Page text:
*** If you are reading this page in a frame and want to escape the frame, cut and paste into the address field of your browser one of the following:


"Tongue Tied" blog (Backup here)
"Dissecting Leftism" blog (Backup here)
"Australian Politics" blog (Backup here)
"Gun Watch" blog (Backup here)
"Education Watch International" blog (Backup here)
"Political Correctness Watch" blog (Backup here)
"Greenie Watch" blog (Backup here)
"Food & Health Skeptic" blog (Backup here)
"Eye on Britain" blog (Backup here)
"Immigration Watch International" blog. (Backup here).
"Leftists as Elitists" blog (Not now regularly updated -- Backup here or here)
"Marx & Engels in their own words" blog (Not now regularly updated -- Backup here or here)
"A scripture blog" (Not now regularly updated -- Backup here or here)
Recipe blog (Not now regularly updated -- Backup here)
"Some memoirs" (Occasionally updated -- Backup here)
"Paralipomena" (Irregularly updated. Not backed up)
"Obama Watch" blog (No longer being updated -- Backup here)
"Socialized Medicine" blog (Backup here) No longer being updated

There are also two blogspot blogs which record what I think are my main recent articles here and here. Similar content can be more conveniently accessed via my list of short articles here or here (I rarely write long articles these days)

Note: The blog backups above are for the times when blogger.com is having downtime (fortunately now rare) and also for people behind the great firewall of China.

Pictorial Home Page (Backup here).
Selected pictures from my blogs (Backup here)
Another picture page (Best with broadband. Rarely updated)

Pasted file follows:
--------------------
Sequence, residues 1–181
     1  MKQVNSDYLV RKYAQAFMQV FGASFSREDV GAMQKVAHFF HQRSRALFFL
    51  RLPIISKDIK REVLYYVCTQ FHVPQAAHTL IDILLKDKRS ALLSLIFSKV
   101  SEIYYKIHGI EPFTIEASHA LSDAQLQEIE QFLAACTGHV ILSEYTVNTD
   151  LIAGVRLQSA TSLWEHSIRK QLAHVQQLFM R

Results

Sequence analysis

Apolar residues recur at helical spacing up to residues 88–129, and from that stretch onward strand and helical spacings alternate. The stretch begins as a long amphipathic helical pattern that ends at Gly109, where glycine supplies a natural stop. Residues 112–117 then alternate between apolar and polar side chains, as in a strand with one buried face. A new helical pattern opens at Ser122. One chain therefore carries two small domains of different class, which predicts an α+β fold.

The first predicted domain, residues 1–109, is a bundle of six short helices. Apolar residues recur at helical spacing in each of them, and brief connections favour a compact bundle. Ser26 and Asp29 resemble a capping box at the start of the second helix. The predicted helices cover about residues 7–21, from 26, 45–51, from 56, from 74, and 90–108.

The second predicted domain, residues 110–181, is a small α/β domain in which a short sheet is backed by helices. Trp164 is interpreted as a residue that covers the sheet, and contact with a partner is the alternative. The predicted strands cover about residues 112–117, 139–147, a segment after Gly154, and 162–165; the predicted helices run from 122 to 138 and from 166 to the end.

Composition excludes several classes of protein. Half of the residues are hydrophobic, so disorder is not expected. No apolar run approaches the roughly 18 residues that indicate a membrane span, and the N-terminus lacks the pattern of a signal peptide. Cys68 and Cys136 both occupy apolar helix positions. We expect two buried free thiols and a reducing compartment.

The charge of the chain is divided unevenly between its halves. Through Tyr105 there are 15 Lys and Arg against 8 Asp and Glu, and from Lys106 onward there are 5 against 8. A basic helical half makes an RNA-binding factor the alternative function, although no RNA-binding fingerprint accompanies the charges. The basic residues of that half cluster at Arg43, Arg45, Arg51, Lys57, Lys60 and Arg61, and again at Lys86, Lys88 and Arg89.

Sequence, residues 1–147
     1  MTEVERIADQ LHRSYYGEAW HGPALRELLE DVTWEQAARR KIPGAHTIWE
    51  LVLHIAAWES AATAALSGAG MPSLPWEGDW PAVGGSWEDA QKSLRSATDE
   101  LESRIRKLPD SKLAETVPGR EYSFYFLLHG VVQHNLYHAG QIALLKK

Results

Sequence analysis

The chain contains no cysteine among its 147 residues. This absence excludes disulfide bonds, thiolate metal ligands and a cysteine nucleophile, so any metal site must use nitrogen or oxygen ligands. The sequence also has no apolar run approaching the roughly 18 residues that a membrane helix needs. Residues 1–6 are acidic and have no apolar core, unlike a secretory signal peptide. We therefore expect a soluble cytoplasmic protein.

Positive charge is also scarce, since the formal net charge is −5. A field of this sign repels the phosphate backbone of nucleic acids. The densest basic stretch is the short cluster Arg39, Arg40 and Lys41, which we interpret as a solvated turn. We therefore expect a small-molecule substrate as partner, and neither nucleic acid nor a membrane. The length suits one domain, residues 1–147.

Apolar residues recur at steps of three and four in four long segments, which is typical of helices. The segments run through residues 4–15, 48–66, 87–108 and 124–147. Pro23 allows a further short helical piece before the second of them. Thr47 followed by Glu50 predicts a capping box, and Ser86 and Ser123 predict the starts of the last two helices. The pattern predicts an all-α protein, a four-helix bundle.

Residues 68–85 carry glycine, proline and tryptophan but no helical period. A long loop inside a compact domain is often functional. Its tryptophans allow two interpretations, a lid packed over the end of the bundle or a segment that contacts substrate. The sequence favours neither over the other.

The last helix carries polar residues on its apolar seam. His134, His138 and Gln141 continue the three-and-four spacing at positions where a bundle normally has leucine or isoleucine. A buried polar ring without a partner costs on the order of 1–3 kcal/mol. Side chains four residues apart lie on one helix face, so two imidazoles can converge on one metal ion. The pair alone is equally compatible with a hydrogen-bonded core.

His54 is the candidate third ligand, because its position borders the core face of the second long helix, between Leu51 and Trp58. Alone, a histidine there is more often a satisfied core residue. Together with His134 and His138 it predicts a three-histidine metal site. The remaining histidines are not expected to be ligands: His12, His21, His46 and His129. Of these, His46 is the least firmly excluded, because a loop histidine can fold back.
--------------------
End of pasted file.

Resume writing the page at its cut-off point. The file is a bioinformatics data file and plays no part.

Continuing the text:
Very often in my writings, I link back to previous articles of mine as a way of making available a more detailed treatment of a given subject. It's a pervasive academic practice. At times, however, the link concerned will cease to work after a while -- usually for reasons beyond my control. In such cases the article concerned is still available -- but at a different address. To find the article, putting one of the following in front of the filename will generally recover the article concerned:




For example, you might be trying to access articles as follows:



Neither article is now available at those addresses but you can find other versions as follows:



"Dead" links are a besetting problem on the net but "difficulties exist to be overcome"! Who said that? I think it is usually attributed to Maria Montessori but Hitler had his own predictably aggressive version of it too: "Widerstaende sind nicht da, dass man vor ihnen kapituliert, sondern dass man sie bricht". Breaking things won't work in this instance, though. The Wayback Machine is also a good way of recovering "lost" files.